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Welcome to the Chemistry group! If you are a student or practicing engineer or scientist who wants to learn more about chemistry or an instructor looking for materials to use in a course, you can find material here that includes complete courses and seminars on specialized topics.
Much of the material is freely accessible by any visitor, but by joining this group, you can participate in discussions on topics of interest to you, post items to the group wiki or even work on a project with other group members. Additionally, as a group member you may receive notifications about new materials and events of interest to the Chemistry group members. Adding events to the group calendar is as easy as clicking on “add event”.
You can also contribute more substantial resources to nanoHUB through the resource contribution process, and then send a message to the group manager so that links to those resources can be added to this group.
This group contains the following:
Taught by Marcelo Carignano, Tomekia Simeon, Baudilio Tejerina, George C. Schatz
Selected Topics: electronic structure, molecular property visualization, QC-Lab, GAMESS, CNDO/INDO,UV-Spec, MoIST, TEDVis
Purdue University (2011)
Taught by Lichang Wang
Selected Topics: fuel cells, cathode catalyst, synthesis of metal alloy nanoparticles, PtAu, PtVFe, coupling computational chemistry with experimental work.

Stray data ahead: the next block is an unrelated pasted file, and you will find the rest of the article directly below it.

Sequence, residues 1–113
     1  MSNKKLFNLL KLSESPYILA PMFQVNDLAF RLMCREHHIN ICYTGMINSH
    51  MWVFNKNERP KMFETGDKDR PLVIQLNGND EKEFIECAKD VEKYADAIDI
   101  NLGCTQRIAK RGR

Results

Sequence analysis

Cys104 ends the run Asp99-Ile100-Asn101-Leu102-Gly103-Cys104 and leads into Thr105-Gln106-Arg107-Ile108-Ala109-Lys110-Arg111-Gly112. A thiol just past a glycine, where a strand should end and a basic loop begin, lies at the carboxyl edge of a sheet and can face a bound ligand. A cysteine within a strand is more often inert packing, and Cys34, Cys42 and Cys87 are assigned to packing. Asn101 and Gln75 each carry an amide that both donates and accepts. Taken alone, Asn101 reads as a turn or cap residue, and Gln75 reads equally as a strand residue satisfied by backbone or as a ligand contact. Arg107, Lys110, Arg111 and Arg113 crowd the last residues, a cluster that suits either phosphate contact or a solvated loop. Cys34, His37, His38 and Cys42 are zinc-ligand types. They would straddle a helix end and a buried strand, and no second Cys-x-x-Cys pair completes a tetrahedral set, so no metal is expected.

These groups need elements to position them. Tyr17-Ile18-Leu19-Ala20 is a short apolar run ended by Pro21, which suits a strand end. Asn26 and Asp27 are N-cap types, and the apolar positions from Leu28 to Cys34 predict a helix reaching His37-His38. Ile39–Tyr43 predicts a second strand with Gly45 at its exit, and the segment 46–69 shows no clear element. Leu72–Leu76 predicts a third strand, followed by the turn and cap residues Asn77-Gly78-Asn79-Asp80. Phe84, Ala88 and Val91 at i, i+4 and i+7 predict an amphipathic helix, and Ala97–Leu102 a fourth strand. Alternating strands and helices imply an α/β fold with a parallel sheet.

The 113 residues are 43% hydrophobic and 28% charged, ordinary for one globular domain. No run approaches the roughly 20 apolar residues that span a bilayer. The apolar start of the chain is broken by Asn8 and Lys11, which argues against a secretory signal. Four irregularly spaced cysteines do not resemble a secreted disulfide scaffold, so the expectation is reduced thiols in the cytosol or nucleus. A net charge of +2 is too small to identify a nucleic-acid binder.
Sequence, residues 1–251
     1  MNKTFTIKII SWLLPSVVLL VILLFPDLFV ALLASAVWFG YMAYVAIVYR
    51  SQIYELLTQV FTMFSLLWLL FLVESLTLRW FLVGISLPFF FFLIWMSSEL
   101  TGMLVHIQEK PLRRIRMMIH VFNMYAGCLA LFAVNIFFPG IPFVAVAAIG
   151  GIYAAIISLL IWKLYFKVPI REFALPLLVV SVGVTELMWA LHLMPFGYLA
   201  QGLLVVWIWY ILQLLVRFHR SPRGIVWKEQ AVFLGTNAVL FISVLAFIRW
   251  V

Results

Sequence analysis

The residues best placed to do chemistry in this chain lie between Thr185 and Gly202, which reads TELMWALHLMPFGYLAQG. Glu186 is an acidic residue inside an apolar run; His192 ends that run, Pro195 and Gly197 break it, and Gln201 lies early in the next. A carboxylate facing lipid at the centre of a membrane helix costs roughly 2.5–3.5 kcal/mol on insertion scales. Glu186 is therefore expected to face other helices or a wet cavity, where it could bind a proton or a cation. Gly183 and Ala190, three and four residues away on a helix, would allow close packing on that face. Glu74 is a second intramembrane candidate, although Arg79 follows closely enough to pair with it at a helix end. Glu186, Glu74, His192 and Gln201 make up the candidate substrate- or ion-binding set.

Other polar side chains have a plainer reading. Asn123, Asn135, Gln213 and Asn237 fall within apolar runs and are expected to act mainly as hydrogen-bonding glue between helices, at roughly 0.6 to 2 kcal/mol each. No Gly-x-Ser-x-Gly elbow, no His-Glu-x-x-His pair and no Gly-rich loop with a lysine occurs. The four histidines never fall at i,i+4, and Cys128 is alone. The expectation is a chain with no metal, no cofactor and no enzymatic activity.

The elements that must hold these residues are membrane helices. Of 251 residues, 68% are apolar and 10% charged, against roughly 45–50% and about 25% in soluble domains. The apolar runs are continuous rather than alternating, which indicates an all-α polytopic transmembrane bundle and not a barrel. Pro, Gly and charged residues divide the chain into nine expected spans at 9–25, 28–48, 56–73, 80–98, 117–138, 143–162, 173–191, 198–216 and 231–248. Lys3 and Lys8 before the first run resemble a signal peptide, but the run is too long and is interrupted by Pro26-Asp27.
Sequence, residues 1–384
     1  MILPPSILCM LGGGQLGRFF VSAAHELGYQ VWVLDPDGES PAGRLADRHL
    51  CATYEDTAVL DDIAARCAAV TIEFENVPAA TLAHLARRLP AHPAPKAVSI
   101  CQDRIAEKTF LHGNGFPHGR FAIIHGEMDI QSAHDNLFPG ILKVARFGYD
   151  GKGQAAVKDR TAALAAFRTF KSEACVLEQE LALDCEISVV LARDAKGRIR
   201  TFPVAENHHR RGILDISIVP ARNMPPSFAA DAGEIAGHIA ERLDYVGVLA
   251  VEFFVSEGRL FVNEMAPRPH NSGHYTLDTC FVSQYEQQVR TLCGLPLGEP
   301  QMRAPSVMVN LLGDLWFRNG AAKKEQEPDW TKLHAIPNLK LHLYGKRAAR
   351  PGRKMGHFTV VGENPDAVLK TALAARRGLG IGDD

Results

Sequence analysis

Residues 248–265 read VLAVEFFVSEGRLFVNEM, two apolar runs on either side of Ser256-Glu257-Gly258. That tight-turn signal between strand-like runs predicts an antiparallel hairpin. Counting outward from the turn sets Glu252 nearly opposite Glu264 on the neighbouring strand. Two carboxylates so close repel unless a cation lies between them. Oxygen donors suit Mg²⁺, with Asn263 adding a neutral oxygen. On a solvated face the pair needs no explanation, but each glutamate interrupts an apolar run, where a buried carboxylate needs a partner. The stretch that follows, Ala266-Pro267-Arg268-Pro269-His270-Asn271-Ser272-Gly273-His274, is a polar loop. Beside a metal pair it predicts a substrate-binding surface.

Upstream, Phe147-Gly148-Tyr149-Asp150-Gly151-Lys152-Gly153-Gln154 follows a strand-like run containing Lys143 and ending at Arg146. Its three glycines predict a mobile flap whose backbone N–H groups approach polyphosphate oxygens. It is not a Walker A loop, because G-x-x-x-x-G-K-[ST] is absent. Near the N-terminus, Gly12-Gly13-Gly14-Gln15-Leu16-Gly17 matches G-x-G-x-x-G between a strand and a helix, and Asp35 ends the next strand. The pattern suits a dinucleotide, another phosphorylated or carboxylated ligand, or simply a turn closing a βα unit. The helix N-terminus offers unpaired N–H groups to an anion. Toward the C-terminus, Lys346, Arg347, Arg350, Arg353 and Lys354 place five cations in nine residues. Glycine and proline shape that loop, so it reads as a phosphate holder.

Purdue University (2010)
Taught by Gabriel Bowen
I know what you did last summer… and where you were and what you ate and what you drank. When it comes to the chemistry of your body, you really are what you eat (and breathe and drink), isotope ratio ecology and hydrology, IsoMAP, modeling
CHM 696 Purdue University (2011) 16 Lectures
Taught by Alexander Wei
Selected Topics: ions, cations, anions, chiral molecules, polar and apolar organic molecules, catenanes, rotaxanes, p-cation, dispersion forces, enthalpy-entropy,optical properties, semiconductor nanoparticles, nanorods, nanowires.
This tool calculates the optimal distribution of particles subject to a Coulombic potential on the surface of a sphere.
Taught by Charles Xie
The Molecular Workbench software is a free, open-source modeling and authoring program specifically designed for use in science education. Powered by a set of real-time molecular simulation engines that compute and visualize the motion of particles interacting through force fields, in both 2D and 3D, it provides a simulation platform for teaching and learning science through atomic-scale reasoning. Many important concepts in physics, chemistry and biology that are otherwise too abstract to understand can be visualized with dynamical and interactive simulations. You can also find out some existing activities at the MOLO and MOLIT curriculum databases.